The name Leightan is of Anglo-Saxon
origin and came from when the family lived in the place called Leighton which had various locations in England
, Salop (Shropshire), Bedford, North Riding of Yorkshire
. This Habitation name was originally derived from the Old English word Leac-tun,
which referred to the homestead where leeks were grown.
Leyton is an area of north-east London, part of the London Borough of Waltham Forest in Essex. In this case, the name means "settlement on the River Lea" and was also known until 1921 as "Low Leyton" and also included Leytonstone. It dates back to the Domesday Book, when it was called Leintun at that time. CITATION[CLOSE]
Williams, Dr Ann. And G.H. Martin, Eds., Domesday Book A Complete Translation. London: Penguin, 1992. Print. (ISBN 0-141-00523-8)
Early Origins of the Leightan family
The surname Leightan was first found in Shropshire
, where "the Leightons are stated to have been seated at Leighton in this county prior to the Conquest: Domesday has 'Rainald (vicecom') ten' Lestone; Leuui tenuit temp.
Reg. Edw.' Hence there can be no doubt the name Lestone, i.e. Lewi's-town, now Leighton was derived. " CITATION[CLOSE]
Shirley, Evelyn Philip, The Noble and Gentle Men of England; The Arms and Descents. Westminster: John Bower Nichols and Sons, 1866, Print.
Today Leighton is named Leighton and Eaton Constantine. Later in Huntingdon, Roger de Leyton and Clement de Leyton were listed in the Hundredorum Rolls of 1273. The same rolls listed Henry de Leyton in Buckinghamshire. CITATION[CLOSE]
Bardsley, C.W, A Dictionary of English and Welsh Surnames: With Special American Instances. Wiltshire: Heraldry Today, 1901. Print. (ISBN 0-900455-44-6)
As one would expect, Leighton in Cheshire was at one time held by the family. "At the time of the Domesday Survey this place belonged to Robert de Rodelent, after whose death it was given to the barons of Montalt, of whom it was held by the Leighton family." CITATION[CLOSE]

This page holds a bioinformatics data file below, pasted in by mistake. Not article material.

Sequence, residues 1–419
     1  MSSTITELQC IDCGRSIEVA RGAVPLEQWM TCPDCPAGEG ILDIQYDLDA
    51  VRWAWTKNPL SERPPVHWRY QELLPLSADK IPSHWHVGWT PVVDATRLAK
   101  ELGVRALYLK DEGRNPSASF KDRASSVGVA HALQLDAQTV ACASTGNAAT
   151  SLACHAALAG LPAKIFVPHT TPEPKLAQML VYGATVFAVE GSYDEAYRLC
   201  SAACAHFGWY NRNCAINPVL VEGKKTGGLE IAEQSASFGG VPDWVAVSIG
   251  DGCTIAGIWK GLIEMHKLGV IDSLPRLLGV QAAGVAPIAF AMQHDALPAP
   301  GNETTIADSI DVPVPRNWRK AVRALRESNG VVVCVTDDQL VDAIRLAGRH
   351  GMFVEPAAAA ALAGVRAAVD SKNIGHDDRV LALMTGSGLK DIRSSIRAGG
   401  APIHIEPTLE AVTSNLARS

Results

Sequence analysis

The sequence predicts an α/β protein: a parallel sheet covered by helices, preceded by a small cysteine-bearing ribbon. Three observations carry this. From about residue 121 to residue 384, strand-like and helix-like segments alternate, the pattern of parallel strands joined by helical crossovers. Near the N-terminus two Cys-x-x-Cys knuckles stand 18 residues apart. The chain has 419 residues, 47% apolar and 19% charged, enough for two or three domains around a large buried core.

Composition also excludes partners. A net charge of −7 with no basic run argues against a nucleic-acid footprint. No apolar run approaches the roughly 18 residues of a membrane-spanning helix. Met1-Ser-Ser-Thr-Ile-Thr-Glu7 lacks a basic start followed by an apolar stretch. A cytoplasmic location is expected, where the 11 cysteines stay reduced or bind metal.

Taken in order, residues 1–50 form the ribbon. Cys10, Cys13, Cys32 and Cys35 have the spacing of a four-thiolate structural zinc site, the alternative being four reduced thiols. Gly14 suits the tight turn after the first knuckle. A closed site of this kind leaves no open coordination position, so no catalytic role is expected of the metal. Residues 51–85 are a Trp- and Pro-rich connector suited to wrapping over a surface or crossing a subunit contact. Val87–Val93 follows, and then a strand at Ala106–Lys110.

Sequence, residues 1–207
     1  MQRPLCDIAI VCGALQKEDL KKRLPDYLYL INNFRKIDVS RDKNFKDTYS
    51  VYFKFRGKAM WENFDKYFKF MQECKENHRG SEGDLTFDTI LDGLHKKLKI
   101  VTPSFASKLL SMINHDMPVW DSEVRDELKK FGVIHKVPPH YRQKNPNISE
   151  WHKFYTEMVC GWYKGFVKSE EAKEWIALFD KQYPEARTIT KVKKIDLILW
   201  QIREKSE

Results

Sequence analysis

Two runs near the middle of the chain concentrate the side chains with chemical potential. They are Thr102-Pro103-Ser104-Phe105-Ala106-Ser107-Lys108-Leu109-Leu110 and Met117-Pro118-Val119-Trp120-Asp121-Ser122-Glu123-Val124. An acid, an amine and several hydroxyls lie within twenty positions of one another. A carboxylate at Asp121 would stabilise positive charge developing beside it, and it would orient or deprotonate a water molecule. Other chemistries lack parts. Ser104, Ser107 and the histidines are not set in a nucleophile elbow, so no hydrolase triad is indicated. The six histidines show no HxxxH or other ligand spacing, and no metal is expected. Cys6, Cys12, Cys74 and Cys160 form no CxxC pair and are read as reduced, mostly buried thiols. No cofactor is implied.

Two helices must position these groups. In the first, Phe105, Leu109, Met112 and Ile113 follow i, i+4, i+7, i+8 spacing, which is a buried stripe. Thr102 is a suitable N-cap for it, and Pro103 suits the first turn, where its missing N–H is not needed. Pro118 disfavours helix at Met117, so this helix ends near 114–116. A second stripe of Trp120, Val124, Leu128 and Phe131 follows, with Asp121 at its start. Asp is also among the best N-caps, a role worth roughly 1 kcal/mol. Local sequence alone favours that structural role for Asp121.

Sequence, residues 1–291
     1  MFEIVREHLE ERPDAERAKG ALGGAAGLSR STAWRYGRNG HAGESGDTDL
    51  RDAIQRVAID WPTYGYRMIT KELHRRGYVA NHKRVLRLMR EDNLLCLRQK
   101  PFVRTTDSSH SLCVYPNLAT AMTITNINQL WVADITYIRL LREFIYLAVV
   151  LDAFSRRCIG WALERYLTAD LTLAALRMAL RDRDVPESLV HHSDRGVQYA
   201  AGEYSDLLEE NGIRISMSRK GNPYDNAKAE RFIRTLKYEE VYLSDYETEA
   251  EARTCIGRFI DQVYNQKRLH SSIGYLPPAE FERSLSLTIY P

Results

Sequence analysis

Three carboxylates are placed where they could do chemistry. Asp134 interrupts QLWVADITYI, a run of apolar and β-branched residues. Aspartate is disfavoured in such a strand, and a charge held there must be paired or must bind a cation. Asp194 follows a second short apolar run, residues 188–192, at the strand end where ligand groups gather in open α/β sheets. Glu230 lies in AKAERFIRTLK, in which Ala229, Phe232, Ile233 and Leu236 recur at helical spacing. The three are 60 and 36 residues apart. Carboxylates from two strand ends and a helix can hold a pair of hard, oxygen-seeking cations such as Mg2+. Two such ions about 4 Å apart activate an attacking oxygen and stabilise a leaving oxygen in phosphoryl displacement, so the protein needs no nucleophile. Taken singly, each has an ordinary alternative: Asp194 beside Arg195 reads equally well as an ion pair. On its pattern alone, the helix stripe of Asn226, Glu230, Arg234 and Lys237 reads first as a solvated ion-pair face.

Lewis, Samuel, A Topographical Dictionary of England. Institute of Historical Research, 1848, Print.
Early History of the Leightan family
This web page shows only a small excerpt of our Leightan research.Another 339 words (24 lines of text) covering the years 1391, 1693, 1525, 1593, 1549, 1591, 1530, 1610, 1570, 1609, 1565, 1622, 1614, 1611, 1684, 1661, 1671, 1671, 1674, 1653, 1662, 1661, 1622, 1705 and 1797 are included under the topic Early Leightan History in all our PDF Extended History products and printed products wherever possible.
Leightan Spelling Variations
It is only in the last few hundred
years that the English language has been standardized. For that reason, early Anglo-Saxon
surnames like Leightan are characterized by many spelling variations
. As the English language changed and incorporated elements of other European languages, even literate people changed the spelling of their names. Scribes and monks in the Middle Ages spelled names they sounded, so it is common to find several variations that refer to a single person. The variations of the name Leightan include: Leighton, Layton, Laton and others.
Early Notables of the Leightan family (pre 1700)
Notables of this surname at this time include: Sir Brian Leighton; Sir Edward Leighton (by 1525-1593), an English politician, High Sheriff
for 1549 and 1591; Sir Thomas Leighton (c.1530-1610), an English soldier and politician who served as the Governor of Guernsey and Jersey from 1570 to 1609; Sir William... Another 82 words (6 lines of text) are included under the topic Early Leightan Notables in all our PDF Extended History products and printed products wherever possible.
Migration of the Leightan family to Ireland
Some of the Leightan family moved to Ireland
, but this topic is not covered in this excerpt.Another 49 words (4 lines of text) about their life in Ireland is included in all our PDF Extended History products and printed products wherever possible.
Migration of the Leightan family to the New World and Oceana
Many English families tired of political and religious strife left Britain for the new colonies in North America. Although the trip itself offered no relief - conditions on the ships were extremely cramped, and many travelers arrived diseased, starving, and destitute - these immigrants believed the opportunities that awaited them were worth the risks. Once in the colonies, many of the families did indeed prosper and, in turn, made significant contributions to the culture and economies of the growing colonies. An inquiry into the early roots of North American families has revealed a number of immigrants bearing the name Leightan or a variant listed above: Agnes Leighton, who settled in Maryland in 1726; James Leighton arrived in San Francisco with his wife in 1850; Richard Leighton settled in Maryland in 1726..